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Monday, October 22, 2007

Fall and sparrows

I had about a hour to spare at the end of the day, so I decided to take a walk up to the park. It occurred to me that I might be able to set-up the Birdcam pointed at the Ravine hawk nest. When Alice and Ralph begin using it next season, I could take daily, time lapse photos. Anyway, I wanted to scout out the surrounding trees for ideas on how to attach the unit.

There was a film shoot setting up in front of the Picnic House and I stopped to check it out. As I was standing on the sidewalk I noticed some sparrows in the grass beside me. They were mostly just House Sparrows, but there was also a single White-crowned Sparrow. It reminded me that sparrows were migrating, so I decided to swing by the “Sparrow Bowl” to take a look around for a few minutes.

The grass had been recently cut, but there was still nice edge habitat with lots of seed-bearing grasses and other low forbs. I should have approached slowly, because I immediately flushed a large mixed flock of sparrows that had been feeding, hunkered down and hidden by the grass. Moving back, to what I thought was a safe distance, I sat down and waited for them to return. It only took a few moments, but the hungry birds flew out of the longer grass and shrubs surrounding the bowl. There were a lot more of them then I initially observed. Song Sparrows were the most numerous. At one point I counted 12 just in my bin’s field of view. A pair of Swamp Sparrows moused around the edge of the grass, never venturing far from the dense underbrush. There were also a pair of Field Sparrows eating seeds at a higher level than the Song Sparrows. I always under estimate the numbers of Chipping Sparrows in a flock as it is so easy for the tiny bird to vanish in the grass. I counted 10 among the Song Sparrows. While looking through the flock a small, warm colored sparrow perched on a black, wire fence behind the feeding birds. It was a Clay-colored Sparrow, a rarity around New York City. Every autumn there seem to be a few reports of this species showing up around the city. Similar in size and shape to the closely related Chipping Sparrow, it is a beautiful bird and, to my eyes, unmistakable. I spent about an hour watching the sparrows nervously feeding at the edge of the Sparrow Bowl.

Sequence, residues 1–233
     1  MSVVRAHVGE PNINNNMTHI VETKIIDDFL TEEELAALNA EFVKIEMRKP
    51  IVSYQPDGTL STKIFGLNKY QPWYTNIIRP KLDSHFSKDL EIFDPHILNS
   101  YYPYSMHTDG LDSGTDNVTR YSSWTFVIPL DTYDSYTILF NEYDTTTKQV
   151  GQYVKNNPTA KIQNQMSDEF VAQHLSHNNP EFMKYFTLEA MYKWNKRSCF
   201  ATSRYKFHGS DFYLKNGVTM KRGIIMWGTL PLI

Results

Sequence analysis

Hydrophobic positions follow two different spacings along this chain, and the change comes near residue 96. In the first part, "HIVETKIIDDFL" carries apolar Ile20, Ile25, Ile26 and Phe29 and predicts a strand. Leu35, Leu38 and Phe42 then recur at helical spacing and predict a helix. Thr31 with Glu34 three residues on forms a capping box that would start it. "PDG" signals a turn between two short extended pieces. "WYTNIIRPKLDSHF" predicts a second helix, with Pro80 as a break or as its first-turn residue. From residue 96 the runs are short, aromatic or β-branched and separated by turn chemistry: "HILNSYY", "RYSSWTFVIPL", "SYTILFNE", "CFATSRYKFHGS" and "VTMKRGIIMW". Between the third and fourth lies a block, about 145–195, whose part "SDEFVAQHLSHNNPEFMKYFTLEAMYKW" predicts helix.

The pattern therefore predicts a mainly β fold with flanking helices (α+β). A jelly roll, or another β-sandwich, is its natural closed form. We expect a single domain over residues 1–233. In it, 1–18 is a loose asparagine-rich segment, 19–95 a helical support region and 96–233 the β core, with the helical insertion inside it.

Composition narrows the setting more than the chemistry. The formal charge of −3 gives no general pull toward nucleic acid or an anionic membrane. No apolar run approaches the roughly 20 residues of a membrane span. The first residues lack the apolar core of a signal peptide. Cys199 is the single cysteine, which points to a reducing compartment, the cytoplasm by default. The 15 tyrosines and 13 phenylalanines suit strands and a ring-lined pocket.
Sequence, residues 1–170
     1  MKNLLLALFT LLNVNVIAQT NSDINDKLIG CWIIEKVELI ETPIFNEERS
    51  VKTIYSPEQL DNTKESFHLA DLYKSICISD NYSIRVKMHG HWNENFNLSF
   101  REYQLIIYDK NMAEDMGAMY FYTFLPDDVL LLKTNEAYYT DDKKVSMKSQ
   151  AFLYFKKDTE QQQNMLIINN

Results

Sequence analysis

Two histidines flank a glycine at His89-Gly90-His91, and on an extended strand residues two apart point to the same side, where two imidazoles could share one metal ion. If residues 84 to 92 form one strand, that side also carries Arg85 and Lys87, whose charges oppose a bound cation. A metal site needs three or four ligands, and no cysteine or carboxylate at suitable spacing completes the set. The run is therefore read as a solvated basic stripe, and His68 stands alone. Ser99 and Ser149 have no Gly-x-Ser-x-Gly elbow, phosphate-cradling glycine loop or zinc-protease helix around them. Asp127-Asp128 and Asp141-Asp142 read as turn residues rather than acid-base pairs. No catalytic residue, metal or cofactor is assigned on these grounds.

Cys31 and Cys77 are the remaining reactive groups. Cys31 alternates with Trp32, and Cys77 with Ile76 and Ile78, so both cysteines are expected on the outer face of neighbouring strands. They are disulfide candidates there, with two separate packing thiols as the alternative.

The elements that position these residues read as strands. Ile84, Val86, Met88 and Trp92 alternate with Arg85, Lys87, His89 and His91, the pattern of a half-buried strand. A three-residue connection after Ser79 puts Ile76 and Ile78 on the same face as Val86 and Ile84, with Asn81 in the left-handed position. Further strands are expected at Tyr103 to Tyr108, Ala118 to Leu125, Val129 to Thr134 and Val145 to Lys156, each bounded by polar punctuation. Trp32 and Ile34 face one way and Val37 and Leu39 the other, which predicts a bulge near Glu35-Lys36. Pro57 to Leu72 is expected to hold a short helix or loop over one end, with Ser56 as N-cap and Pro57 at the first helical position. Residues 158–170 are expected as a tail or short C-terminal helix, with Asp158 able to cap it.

The Brooklyn Center for Urban Education holds classes in the Tennis House, next to the Sparrow Bowl. While I was watching the sparrows, I heard an instructor speaking loudly to a group of youngsters. At one point, I heard him ask if everyone saw the hawk in the tree. I’m not sure if it was one of the resident Red-tailed Hawks or another species of raptor, but it explained why the sparrows were so jumpy.

Whenever I mention looking at sparrows to non-birders, they wonder why I would waste my time looking at such boring birds. I guess most people think of House Sparrows as being the only sparrow. Then I tell them about sparrows with pink bills or green backs or orange faces or yellow lores and they ask me where to see such exotic sparrows. I tell them to go to their local park and spend some time looking around at the urban wildlife. One never knows what they will find.

I never did make it over to the Ravine to scout out the hawk nest.

Prospect Park, 10/18/2007
Wood Duck (5 drakes circling above pools.)
Mourning Dove
Northern Flicker (Common.)
Blue Jay
Carolina Wren (1, Ravine.)
Golden-crowned Kinglet (Heard several.)
Ruby-crowned Kinglet (1.)
Swainson's Thrush (1, Sparrow Bowl.)
Hermit Thrush (Several.)
American Robin
Gray Catbird
European Starling
Common Yellowthroat (1, Fallkill wildflower meadow.)
Northern Cardinal
Eastern Towhee (3 or 4, Sparrow Bowl.)
Chipping Sparrow (Several, Sparrow Bowl.)
Clay-colored Sparrow (1, Sparrow Bowl.)
Field Sparrow (2, Sparrow Bowl.)
Song Sparrow (20-30, Sparrow Bowl.)
Swamp Sparrow (2, Sparrow Bowl. 1, Fallkill wildflower meadow.)
White-throated Sparrow (3-5, Sparrow Bowl. Abundant in Ravine woods.)
White-crowned Sparrow (1, adjacent to Picnic House.)
Dark-eyed Junco (Several, Sparrow Bowl.)
Common Grackle (Small flock between Upper and Lower Pools.)
House Sparrow

by Rob Jett for "The City Birder"

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